Fears Are True, But Fortunately Not Very True
Fears Are True, But Fortunately Not Very True
Q: Recent world events have brought up a lot of fear and frustration for me. It is difficult to deal with the emotions that come up around all of the disaster on the world stage. Accepting these events placidly seems impossible. Can I ask how you are coping and how you would advise handling the fear and sadness that the world situation brings up?
A: The problem with our fears is that they are all potentially true. Anything we can imagine could happen, so our fears have some truth to them. However, none of our fears have much truth, and most of our fears have a ridiculously small amount of truth to them.
First of all, none of our fears have come true yet. If they had, we wouldn’t be fearing them anymore! So in that sense, all fear only exists as thoughts in our minds. Fear only exists as the movement of thought and feeling, and that is a very small existence. Yet, we have been taught to focus on our thoughts and feelings. We have been asked repeatedly, “What do you think?” and “What do you feel?” As a result, we pay close attention to the movement of thoughts and emotions in our mind and body: “What do I think about this?” “How do I feel about that?” So even though their actual existence is very slight, thoughts and feelings can seem much more important and true than they really are. We even use the argument, “Well, that’s what I think!” to make a point, as if the mere fact that we think something makes it true!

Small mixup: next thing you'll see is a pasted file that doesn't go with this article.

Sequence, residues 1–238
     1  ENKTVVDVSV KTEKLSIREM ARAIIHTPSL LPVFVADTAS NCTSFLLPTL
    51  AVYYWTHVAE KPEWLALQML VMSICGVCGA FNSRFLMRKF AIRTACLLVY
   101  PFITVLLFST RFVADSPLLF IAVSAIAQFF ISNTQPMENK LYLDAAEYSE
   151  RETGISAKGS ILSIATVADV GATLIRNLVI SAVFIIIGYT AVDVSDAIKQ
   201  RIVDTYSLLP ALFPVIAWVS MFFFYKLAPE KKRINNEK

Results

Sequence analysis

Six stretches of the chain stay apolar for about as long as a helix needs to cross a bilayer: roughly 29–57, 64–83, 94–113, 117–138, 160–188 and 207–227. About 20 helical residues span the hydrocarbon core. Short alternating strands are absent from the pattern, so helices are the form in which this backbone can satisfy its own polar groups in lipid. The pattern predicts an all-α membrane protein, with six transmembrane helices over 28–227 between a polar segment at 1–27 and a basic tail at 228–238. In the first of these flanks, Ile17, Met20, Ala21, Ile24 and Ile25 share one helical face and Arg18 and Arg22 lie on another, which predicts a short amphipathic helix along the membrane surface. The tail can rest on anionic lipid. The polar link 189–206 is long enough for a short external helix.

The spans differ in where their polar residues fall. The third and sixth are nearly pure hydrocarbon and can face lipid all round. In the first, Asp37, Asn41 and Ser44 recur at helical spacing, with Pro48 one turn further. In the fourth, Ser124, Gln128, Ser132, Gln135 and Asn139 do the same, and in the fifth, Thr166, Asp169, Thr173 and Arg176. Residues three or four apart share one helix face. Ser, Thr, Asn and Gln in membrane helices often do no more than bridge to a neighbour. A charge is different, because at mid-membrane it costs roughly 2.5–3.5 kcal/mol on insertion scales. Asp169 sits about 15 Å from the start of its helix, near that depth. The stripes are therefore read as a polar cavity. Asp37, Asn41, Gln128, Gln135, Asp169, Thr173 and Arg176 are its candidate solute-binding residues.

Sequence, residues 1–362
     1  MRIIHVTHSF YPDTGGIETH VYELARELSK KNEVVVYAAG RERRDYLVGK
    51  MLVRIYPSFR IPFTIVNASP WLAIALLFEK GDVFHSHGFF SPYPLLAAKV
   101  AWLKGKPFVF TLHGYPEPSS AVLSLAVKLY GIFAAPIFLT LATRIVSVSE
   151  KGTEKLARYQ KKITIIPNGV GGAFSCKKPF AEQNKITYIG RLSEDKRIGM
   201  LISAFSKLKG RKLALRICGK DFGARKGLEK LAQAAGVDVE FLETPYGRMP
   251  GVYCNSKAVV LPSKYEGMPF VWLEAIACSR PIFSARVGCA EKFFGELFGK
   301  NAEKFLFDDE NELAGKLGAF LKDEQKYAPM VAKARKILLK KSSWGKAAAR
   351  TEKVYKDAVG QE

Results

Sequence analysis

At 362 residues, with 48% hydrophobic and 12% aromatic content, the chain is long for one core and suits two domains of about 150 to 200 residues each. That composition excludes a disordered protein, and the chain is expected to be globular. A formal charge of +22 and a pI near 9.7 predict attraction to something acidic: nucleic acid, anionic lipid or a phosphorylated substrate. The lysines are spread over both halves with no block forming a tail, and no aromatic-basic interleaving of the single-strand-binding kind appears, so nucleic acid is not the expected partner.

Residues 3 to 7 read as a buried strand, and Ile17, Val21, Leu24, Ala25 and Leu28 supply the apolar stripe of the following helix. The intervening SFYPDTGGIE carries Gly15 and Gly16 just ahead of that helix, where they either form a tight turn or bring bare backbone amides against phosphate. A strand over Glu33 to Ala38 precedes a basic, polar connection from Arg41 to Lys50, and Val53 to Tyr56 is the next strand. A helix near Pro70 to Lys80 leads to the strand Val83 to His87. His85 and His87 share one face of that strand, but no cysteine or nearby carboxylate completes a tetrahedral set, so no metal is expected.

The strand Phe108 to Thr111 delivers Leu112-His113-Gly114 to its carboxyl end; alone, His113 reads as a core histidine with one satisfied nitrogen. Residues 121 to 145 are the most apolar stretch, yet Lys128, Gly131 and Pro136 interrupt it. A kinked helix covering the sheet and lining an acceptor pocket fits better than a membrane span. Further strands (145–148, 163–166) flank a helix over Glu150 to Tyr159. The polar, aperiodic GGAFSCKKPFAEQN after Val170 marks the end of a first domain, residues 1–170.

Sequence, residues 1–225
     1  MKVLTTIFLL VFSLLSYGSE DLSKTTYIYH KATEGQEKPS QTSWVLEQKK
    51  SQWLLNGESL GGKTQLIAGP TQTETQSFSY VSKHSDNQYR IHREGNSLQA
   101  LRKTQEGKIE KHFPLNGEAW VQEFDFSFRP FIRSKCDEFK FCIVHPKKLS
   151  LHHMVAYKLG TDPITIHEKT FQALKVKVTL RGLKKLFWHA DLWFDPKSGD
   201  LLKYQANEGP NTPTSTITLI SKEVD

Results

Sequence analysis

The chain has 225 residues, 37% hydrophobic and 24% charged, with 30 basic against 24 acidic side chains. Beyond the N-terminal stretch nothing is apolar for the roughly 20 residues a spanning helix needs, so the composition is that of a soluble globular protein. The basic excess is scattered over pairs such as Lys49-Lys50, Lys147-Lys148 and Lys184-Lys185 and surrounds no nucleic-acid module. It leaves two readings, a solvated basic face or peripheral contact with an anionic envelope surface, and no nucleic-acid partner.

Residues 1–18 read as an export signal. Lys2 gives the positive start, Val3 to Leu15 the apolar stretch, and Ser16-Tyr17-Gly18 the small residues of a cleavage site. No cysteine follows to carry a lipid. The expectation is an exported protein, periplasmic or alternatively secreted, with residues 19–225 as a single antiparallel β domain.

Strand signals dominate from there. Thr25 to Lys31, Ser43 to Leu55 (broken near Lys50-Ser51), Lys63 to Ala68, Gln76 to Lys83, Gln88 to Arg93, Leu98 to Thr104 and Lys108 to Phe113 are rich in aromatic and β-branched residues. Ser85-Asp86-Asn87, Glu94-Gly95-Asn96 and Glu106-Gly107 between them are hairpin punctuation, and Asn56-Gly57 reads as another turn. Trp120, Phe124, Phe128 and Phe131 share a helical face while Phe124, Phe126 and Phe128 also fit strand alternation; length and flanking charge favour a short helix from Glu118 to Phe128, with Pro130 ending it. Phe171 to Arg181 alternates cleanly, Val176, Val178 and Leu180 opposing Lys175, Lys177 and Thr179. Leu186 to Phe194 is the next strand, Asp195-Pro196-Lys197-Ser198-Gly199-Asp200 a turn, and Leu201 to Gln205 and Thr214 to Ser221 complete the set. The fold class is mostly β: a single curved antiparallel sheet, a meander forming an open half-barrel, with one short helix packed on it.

Secondly, even when something we were afraid of happens, it never happens exactly as we imagined. Regarding many of the stories in the news right now, if a worst case scenario were to happen, it is still unlikely that all of the disastrous consequences predicted would actually come true. And who knows, any particularly dramatic episode might actually shift our world into a new and more productive direction. So the specific content of our fears is never a very complete picture of what will or can happen.